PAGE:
A fungus that has been genetically modified (GM) to produce spider toxin can rapidly kill 99% of mosquitoes that carry and spread malaria.
Following trials of the fungus – known as Metarhizium pingshaense – in Burkina Faso, 99% of malaria mosquito populations were wiped out in just 45 days.
Metarhizium pingshaense was used because it naturally infects Anopheles mosquitoes (the ones that carry and spread malaria). Scientists then enhanced it using genetic engineering so the fungus would start creating its own version of a venom found in a species of funnel-web spider.
For the trials, scientists built a fully-enclosed ‘mosquitosphere’ that mimicked a small village community. They introduced 1,500 mosquitoes. When the insects were left alone, their numbers soared, but when the fungus was introduced, just 13 mosquitoes remained after 45 days.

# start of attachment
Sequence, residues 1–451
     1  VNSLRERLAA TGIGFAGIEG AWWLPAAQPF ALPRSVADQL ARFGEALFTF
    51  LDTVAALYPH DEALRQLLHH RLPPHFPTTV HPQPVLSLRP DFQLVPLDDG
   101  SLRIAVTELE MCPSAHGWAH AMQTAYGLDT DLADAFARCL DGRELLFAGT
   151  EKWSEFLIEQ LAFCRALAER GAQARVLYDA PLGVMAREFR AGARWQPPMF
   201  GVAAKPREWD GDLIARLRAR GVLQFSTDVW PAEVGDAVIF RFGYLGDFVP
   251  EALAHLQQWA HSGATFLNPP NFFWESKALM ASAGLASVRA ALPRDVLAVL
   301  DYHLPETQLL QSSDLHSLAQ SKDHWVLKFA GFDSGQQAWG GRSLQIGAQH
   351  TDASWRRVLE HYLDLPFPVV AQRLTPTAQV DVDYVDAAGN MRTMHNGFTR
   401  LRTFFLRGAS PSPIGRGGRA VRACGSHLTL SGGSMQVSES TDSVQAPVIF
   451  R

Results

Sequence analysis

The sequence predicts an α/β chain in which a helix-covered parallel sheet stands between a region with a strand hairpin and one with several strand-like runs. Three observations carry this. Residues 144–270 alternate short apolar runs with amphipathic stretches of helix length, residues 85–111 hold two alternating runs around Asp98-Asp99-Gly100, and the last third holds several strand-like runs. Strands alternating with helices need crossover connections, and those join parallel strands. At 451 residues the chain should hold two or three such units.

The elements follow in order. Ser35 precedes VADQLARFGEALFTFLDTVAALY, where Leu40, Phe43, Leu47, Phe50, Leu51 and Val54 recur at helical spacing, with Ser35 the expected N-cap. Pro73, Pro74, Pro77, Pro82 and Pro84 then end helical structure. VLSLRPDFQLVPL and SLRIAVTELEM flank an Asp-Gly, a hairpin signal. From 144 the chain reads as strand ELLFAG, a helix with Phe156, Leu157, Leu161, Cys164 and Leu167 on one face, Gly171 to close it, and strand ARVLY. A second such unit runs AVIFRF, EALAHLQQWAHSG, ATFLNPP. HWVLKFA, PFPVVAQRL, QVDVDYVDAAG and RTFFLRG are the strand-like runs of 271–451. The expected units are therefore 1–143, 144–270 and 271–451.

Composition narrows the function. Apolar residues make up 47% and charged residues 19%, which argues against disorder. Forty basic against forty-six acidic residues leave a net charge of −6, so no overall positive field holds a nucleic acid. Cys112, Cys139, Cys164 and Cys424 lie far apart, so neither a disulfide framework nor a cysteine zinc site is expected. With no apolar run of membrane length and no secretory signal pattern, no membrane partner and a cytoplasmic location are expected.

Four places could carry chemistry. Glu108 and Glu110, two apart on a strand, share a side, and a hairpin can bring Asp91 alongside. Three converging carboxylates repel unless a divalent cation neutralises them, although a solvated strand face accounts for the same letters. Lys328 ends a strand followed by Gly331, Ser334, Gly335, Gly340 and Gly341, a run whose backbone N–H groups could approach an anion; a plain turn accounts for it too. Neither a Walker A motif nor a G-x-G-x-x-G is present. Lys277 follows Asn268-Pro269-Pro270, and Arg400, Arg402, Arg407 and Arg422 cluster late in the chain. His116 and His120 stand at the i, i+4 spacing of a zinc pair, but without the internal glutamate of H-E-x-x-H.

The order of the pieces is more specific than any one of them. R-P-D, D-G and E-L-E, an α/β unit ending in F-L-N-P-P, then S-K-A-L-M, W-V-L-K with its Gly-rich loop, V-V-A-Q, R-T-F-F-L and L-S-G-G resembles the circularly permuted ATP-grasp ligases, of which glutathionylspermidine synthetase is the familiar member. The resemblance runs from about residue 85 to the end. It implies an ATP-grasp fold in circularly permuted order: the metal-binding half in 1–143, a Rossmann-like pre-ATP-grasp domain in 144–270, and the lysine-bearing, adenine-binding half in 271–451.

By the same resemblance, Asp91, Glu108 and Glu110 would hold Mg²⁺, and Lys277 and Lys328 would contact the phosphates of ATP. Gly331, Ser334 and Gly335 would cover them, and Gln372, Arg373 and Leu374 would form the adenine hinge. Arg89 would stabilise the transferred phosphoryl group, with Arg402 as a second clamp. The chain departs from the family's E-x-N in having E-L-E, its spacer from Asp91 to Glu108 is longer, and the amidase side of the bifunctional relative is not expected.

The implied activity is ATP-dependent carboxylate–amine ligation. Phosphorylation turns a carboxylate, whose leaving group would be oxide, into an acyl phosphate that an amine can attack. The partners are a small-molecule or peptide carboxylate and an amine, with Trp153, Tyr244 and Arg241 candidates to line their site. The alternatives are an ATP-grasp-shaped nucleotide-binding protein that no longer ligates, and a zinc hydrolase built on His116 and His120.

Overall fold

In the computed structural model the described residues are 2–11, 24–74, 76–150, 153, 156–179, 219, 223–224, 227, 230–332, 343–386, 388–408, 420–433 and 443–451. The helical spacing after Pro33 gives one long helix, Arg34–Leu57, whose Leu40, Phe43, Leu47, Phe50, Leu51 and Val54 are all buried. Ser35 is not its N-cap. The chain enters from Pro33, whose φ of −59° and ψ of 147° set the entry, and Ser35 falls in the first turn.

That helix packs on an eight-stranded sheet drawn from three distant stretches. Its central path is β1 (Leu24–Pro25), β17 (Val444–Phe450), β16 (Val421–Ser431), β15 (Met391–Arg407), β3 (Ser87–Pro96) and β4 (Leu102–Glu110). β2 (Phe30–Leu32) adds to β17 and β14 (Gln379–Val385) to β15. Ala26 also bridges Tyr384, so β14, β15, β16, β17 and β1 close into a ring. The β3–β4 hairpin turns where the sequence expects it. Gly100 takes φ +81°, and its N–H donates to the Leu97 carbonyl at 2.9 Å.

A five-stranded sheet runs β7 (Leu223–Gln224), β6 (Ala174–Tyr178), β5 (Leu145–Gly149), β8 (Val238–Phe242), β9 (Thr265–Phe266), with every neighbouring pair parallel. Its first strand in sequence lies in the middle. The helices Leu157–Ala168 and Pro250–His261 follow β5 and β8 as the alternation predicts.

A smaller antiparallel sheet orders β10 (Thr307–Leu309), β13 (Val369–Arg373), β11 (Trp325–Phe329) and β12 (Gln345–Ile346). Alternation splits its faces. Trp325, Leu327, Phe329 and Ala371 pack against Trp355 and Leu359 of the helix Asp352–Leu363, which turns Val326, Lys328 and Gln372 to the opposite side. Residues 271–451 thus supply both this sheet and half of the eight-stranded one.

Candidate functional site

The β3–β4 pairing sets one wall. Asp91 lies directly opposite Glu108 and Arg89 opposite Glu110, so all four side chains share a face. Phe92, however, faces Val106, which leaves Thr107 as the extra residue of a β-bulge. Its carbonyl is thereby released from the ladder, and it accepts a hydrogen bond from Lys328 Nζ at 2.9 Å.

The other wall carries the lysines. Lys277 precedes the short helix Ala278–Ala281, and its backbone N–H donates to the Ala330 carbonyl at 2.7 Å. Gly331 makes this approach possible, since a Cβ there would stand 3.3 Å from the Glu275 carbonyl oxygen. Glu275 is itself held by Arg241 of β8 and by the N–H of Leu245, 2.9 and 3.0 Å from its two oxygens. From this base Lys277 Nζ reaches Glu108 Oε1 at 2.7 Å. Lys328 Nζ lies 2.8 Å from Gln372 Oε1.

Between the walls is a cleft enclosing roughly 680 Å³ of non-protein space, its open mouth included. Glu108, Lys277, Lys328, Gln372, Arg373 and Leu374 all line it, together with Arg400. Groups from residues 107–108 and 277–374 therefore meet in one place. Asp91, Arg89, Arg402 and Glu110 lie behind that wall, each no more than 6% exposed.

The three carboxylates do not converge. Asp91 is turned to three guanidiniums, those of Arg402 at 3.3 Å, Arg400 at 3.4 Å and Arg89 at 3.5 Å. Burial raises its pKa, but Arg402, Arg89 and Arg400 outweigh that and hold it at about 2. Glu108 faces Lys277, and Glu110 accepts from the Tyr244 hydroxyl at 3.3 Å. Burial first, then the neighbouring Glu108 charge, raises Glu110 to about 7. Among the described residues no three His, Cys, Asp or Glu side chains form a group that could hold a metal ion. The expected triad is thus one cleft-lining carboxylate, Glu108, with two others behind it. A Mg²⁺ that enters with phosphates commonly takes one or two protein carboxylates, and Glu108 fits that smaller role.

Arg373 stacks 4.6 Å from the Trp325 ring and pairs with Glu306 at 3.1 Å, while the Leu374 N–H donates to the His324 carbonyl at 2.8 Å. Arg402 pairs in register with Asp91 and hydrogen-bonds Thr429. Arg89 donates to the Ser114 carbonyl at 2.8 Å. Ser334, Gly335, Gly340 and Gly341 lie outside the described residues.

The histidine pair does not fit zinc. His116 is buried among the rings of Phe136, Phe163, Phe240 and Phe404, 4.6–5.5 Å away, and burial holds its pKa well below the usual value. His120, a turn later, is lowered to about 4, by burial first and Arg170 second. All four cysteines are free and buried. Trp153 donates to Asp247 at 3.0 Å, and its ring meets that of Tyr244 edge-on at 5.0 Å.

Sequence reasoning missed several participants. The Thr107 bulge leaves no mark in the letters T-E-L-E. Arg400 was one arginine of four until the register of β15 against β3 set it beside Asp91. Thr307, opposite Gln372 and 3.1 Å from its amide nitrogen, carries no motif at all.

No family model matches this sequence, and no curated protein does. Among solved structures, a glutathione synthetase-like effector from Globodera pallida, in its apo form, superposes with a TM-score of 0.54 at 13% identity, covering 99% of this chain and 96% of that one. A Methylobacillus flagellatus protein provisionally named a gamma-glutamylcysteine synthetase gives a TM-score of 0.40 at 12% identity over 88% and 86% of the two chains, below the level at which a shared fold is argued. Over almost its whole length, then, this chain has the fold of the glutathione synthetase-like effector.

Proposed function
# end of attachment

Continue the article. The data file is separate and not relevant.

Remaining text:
The researchers say their aim is not to destroy all mosquitoes, simply to cull the spread of malaria – a disease that kills more than 400,000 people every year (mostly children).
Speaking about the trials, Dr Tony Nolan, from the Liverpool School of Tropical Medicine, said: “These results are encouraging.
“We need new and complementary tools to augment existing control methods, which are being affected by the development of insecticide-resistance.”
The results of the GM fungus trials are published in the journal Science.